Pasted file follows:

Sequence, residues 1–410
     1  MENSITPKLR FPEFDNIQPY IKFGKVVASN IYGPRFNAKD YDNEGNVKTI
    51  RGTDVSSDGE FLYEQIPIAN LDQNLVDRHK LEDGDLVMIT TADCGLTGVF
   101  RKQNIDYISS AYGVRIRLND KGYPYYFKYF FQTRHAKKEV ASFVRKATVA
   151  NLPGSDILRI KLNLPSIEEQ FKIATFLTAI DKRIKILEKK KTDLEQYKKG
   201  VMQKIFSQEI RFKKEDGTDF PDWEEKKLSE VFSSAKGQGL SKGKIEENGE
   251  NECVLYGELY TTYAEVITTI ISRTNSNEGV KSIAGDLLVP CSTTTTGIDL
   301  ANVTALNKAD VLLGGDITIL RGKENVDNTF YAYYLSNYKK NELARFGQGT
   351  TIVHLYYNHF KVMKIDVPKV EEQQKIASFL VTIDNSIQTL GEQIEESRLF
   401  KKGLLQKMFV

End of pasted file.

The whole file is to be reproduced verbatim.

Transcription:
Sequence, residues 1–410
     1  MENSITPKLR FPEFDNIQPY IKFGKVVASN IYGPRFNAKD YDNEGNVKTI
    51  RGTDVSSDGE FLYEQIPIAN LDQNLVDRHK LEDGDLVMIT TADCGLTGVF
   101  RKQNIDYISS AYGVRIRLND KGYPYYFKYF FQTRHAKKEV ASFVRKATVA
   151  NLPGSDILRI KLNLPSIEEQ FKIATFLTAI DKRIKILEKK KTDLEQYKKG
   201  VMQKIFSQEI RFKKEDGTDF PDWEEKKLSE VFSSAKGQGL SKGKIEENGE
   251  NECVLYGELY TTYAEVITTI ISRTNSNEGV KSIAGDLLVP CSTTTTGIDL
   301  ANVTALNKAD VLLGGDITIL RGKENVDNTF YAYYLSNYKK NELARFGQGT
   351  TIVHLYYNHF KVMKIDVPKV EEQQKIASFL VTIDNSIQTL GEQIEESRLF
   401  KKGLLQKMFV